The warm letters exchanged in 1790 between George Washington and a Jewish congregation in Newport, R.I., bear eloquent testimony to America as a safe harbor for religious pluralism. “May the children of the stock of Abraham who dwell in the land continue to merit and enjoy the goodwill of the other inhabitants,” Washington wrote. “While everyone shall sit safely under his own vine and fig-tree and there shall be none to make him afraid.” The leadership of Jeshuat Israel did not withhold their gratitude: “We now . . . behold a Government which to bigotry gives no sanction, to persecution no assistance — but generously affording to All liberty of conscience, and immunities of citizenship — deeming everyone, of whatever nation, tongue, or language equal parts of the great governmental machine.”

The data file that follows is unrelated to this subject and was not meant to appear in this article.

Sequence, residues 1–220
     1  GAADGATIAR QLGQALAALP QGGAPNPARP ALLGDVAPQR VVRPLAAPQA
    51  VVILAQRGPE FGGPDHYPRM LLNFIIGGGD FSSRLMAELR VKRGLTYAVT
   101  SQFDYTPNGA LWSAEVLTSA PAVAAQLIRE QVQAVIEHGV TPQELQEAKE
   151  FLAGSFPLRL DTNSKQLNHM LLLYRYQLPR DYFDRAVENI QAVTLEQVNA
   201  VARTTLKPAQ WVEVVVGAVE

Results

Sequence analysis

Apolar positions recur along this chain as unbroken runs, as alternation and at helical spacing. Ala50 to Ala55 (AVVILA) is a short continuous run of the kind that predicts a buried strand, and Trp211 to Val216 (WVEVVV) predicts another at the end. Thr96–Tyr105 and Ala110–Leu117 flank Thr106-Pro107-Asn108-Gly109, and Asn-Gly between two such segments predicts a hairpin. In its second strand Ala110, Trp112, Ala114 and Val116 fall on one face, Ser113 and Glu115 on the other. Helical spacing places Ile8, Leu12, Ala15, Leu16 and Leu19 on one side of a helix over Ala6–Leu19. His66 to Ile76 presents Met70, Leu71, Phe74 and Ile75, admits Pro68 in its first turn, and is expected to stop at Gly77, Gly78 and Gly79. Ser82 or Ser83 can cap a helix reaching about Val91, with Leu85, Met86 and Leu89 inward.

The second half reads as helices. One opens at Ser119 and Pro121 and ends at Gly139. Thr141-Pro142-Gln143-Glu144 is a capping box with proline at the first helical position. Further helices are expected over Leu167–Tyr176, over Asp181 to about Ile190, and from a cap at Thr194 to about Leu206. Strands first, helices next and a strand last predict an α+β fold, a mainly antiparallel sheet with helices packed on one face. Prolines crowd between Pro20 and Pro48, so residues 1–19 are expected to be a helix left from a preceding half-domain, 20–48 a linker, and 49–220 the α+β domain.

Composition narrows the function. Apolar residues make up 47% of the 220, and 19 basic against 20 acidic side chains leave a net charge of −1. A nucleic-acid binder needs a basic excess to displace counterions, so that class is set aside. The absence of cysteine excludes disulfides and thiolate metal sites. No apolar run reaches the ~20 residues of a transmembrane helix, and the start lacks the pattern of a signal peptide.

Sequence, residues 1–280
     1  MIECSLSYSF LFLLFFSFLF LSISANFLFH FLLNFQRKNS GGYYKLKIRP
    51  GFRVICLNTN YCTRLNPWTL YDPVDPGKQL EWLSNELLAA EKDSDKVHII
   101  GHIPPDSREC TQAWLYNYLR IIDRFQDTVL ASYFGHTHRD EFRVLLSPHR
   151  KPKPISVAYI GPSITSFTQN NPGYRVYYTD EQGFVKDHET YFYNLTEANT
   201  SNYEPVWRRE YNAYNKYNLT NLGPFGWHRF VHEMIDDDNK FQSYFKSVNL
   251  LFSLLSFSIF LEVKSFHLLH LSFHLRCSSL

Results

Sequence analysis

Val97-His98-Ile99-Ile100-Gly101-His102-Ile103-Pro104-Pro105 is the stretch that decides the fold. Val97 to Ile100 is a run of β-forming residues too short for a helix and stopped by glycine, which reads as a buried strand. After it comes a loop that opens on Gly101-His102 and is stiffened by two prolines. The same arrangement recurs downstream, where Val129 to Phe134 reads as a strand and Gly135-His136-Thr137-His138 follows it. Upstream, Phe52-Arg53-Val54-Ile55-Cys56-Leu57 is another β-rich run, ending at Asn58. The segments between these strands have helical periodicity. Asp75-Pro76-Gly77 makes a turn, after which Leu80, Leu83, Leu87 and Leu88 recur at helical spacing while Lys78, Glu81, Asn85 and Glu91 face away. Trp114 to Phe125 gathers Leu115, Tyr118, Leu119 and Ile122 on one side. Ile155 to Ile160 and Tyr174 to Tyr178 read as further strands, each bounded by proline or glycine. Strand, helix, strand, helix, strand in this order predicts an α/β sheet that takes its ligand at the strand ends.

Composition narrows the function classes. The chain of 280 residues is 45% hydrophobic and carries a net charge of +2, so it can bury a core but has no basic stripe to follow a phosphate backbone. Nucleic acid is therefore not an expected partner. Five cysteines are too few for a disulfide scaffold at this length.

Washington, always conscious of the example he set as the first president of the United States, knew exactly what he was doing. It is hard to think of another major political leader at the time, in any other government in the world, expressing such a hopeful and inclusive message to his nation’s Jewish inhabitants.
Not everyone in America, of course, shared this generous outlook toward the Jews; prejudice persisted, especially during new waves of immigration. Yet, as Alexis de Tocqueville observed during his 1830s tour, the United States established a civil society that was diverse, tolerant, and deeply religious — a combination that rarely appeared in Europe or other parts of the world. “Among us, I had seen the spirit of religion and the spirit of freedom almost always move in contrary directions,” he wrote in Democracy in America. “Here I found them united intimately with on another: they reigned together on the same soil.”